THE Vauxhall Astra is one of the automotive world's great survivors - having been around in some shape or form for more than 40 years.
Given the rise of the crossover it might have been the case that C segment family hatchbacks like the Astra and its big rival the Ford Focus would see a fall from grace - though that hasn't happened yet.
The latest Astra - the seventh generation of the model since 1979 - utilises an all-new platform that's lighter and smaller overall, yet creates more interior space.
It underwent a fairly hefty refresh in late 2019 with the usual cosmetic adjustments inside and out.
One of the key improvements was that it was made more aerodynamic but perhaps the biggest developments came under the bonnet.
The range has seen the arrival of new eco-friendly three-cylinder engines, with fuel economy and emissions down by up to 21 per cent.
There are 1.2 and 1.4-litre petrols and a 120bhp 1.6-litre diesel to choose from.
Most are mated to a six-speed manual gearbox, though the 145bhp 1.4-litre petrol is only available with a CVT option.
The aerodynamics have been enhanced in part through a new grille design, which features an active shutter arrangement to reduce drag, and on the inside the Astra has received a noticeable quality upgrade to give it a decidedly premium feel.
There are two versions of the 1.2-litre petrol unit producing 105bhp and 143bhp.
This car was the higher powered variant and it proved a most capable performer.
Not that long ago people would have reacted sniffily to the notion of a family car powered by a three-cylinder unit but the trend to downsize engines in the interest of economy and emissions has seen car makers make great strides.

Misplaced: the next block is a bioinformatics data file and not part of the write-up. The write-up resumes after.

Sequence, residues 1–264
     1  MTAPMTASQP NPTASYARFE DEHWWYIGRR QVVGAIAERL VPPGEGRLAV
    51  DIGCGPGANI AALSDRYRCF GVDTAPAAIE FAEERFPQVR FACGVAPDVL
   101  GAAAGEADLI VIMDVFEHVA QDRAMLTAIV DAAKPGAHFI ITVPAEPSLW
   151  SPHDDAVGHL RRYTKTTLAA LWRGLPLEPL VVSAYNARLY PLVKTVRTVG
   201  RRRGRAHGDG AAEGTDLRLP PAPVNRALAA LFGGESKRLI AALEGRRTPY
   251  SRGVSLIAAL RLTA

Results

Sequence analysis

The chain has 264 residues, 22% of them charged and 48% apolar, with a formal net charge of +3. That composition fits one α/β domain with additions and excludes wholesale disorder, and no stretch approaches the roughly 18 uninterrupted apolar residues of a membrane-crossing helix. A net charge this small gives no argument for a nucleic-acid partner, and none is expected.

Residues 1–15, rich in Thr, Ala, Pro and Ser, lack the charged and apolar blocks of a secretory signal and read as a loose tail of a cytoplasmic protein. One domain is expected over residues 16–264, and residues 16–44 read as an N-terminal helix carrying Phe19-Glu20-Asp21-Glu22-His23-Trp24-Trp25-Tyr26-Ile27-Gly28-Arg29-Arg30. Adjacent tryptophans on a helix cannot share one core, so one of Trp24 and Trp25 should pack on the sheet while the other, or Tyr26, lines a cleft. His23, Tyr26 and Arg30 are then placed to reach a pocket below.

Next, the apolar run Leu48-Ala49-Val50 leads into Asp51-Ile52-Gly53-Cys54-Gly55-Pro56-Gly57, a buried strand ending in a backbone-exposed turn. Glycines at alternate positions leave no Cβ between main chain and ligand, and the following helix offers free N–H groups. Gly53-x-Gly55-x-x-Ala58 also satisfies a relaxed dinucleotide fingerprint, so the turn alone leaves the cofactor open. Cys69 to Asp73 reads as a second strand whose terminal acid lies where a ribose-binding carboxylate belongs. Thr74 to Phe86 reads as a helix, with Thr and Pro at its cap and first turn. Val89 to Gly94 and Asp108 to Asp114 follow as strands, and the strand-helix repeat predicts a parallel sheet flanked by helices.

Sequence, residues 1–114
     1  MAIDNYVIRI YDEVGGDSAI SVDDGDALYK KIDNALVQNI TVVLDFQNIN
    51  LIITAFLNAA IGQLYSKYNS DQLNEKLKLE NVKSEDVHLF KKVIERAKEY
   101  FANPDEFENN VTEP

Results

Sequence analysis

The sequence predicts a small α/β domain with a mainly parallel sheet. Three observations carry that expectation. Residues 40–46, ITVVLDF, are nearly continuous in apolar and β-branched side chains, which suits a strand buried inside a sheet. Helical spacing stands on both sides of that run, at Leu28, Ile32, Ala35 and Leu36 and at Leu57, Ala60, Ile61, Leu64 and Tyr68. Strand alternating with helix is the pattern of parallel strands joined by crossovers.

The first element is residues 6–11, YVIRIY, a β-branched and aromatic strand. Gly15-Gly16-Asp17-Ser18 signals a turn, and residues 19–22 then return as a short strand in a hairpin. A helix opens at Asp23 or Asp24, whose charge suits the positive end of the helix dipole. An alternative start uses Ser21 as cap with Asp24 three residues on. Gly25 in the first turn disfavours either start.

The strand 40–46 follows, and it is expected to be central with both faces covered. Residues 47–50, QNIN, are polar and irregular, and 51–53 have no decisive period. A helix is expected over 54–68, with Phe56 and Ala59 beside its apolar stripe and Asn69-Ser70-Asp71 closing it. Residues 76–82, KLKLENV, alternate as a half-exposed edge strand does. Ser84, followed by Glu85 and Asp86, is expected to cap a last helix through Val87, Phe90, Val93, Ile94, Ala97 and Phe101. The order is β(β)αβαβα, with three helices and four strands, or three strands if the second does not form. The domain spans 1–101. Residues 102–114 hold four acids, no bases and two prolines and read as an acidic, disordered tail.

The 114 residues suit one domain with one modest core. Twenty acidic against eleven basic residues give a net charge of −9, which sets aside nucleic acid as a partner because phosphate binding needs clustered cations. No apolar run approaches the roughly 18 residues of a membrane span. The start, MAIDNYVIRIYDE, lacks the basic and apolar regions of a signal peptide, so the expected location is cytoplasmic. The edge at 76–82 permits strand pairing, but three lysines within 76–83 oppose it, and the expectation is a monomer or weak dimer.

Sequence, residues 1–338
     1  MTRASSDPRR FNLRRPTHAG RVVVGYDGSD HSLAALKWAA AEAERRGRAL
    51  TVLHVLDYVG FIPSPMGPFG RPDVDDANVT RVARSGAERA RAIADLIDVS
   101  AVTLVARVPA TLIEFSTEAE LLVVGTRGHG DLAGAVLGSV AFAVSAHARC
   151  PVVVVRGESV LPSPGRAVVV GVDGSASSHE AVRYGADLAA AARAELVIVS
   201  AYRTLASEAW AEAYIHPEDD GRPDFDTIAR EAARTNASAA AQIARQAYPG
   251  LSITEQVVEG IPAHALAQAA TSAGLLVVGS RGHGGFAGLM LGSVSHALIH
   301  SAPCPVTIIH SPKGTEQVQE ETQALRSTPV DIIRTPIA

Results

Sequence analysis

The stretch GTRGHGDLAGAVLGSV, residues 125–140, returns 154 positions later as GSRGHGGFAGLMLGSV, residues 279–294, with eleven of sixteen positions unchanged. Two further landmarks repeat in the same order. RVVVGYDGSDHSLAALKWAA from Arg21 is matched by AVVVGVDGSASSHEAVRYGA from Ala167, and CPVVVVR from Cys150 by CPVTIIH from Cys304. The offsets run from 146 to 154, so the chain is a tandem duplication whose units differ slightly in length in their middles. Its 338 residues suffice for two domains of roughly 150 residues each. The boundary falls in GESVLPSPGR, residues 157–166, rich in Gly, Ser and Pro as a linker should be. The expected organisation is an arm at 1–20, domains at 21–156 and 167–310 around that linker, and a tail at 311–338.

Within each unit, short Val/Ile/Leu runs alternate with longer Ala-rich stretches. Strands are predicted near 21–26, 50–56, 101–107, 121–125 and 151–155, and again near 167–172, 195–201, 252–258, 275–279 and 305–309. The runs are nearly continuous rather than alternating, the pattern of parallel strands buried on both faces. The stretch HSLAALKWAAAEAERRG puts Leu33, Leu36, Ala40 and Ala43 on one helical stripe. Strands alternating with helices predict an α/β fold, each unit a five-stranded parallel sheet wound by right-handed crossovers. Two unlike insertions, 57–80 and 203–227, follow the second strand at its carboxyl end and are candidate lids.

The 143bhp 1.2-litre petrol engine is smooth and pleasingly powerful, taking you from 0-62mph in a surprisingly swift 8.8 seconds.
To put it in perspective the 143bhp power output of this 1.2-litre unit is virtually on a par with the previous generation 1.4-litre petrol engine.
One of the clever things about this particular model and trim level is that it has great appeal for both fleet and private buyers, though in fairness the Astra range in general manages to do pretty well when it comes to having a foot in both camps.
There are seven trim levels, the top of the range model being an Ultimate Nav model with the higher powered 1.2-litre engine which costs £26,755.
Driving the Astra it feels particularly wide, enhancing its big car feel and passengers in the rear benefit from this and a generous amount of legroom.
Instrumentation and switchgear have an upmarket and modern character and everything is well laid out from a driver's perspective.
It handles sharply, in part thanks to that platform weight-saving regime and the fact the new engines are particularly light, and the overall driving experiences is more than engaging.
Ride quality has been noticeably improved since my last Astra driving experience to create a most commendable all-rounder.